Have you noticed your dog scratching a bit more than usual? This article covers the common reasons your dog might have itchy skin and some top tips for providing relief.
Common dog skin conditions
If your dog has started itching and scratching more than usual, it might be due to some of these common issues:
- parasites; or
In some complex cases, all the above factors are present.
Bacterial infections typically look like spots or pimples. Yeast infections give an oily or greasy feel to your pet’s skin. Since the ear canal is lined with skin, ear infections are also common. Vets can use tools like an otoscope to look deep inside the ear. Our vets take a minor skin or blood sample to determine what type of infection is present and prescribe medication to treat the condition.
Dogs (especially certain breeds) are very prone to environmental allergies. This is called atopic dermatitis and can be thought of as similar to human hay fever, except the reaction happens on the dog’s skin rather than the respiratory system.
Common allergens that impact dogs include:
- moulds; or
- dust mites.
Some of these allergies can be seasonal, for example, pollen allergy season is at its peak during warmer months of the year. Pollen stems from grass, weeds, flowers or trees. Bathing your dog during the pollen season can decrease the number of allergens in contact with the skin, but if the skin is damaged, please seek advice on which shampoo to use.
Dust mites are the most common allergy for humans and impact our canine friends as well. These mites thrive in carpets and furnishings, where they feed off shed skin cells. Diagnosis of a dust mite allergy can be complicated and requires examination.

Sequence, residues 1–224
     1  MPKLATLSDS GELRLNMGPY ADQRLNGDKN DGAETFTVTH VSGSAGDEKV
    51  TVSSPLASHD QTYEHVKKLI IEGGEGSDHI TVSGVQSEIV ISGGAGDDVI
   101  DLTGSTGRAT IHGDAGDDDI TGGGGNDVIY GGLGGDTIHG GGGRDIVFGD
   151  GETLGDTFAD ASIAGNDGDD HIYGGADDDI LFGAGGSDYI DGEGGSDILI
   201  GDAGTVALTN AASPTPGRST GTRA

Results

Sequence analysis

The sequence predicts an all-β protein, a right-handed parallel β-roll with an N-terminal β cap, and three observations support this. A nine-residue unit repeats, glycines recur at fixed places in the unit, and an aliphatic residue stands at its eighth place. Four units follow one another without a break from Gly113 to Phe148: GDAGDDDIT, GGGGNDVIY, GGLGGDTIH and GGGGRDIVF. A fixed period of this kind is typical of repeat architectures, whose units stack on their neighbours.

Despite the many different things dogs can be allergic to, the skin can only react in a certain number of ways. Once itchy, most of the symptoms we see are caused by the dog scratching and damaging the skin, allowing microorganisms that typically live there to take hold. Your vet can help to both diagnose and treat allergies. An extensive array of treatments is available, including shampoos, supplements; tablets to stop the scratching; regular injections, and desensitising vaccines.
Dogs can develop an allergic reaction to flea bites; an immune response to flea saliva causes this. The bites cause excessive itching, inflammation and hair loss. Tick bites can also trigger a similar reaction in dogs. If fleas or ticks aren’t a problem, check with your vet to see if your dog has a mite infestation.
Some dogs can catch the fox mange mite, which burrows in the skin and is intensely itchy. There is also a mite called Demodex which can cause hair loss.
Ear mites are a common cause of ear disease and infection in dogs. They are the second most common external parasite found on pets; the top spot belongs to fleas. Infestation is common in puppies and kittens, but the signs of infestation can be seen at any age.
A variety of different treatment options are available to your dog to treat ear mites. Some are topical medications, while others may be spot-on treatments or tablets. Your vet can determine the most appropriate treatment for your dog. Prevention is a matter of monthly topical anti-parasite application and keeping your dog’s ears clean.
What should you do next?
Many skin disease symptoms are not obvious. It’s important to speak with your vet sooner rather than later to promptly begin a diagnosis and treatment plan.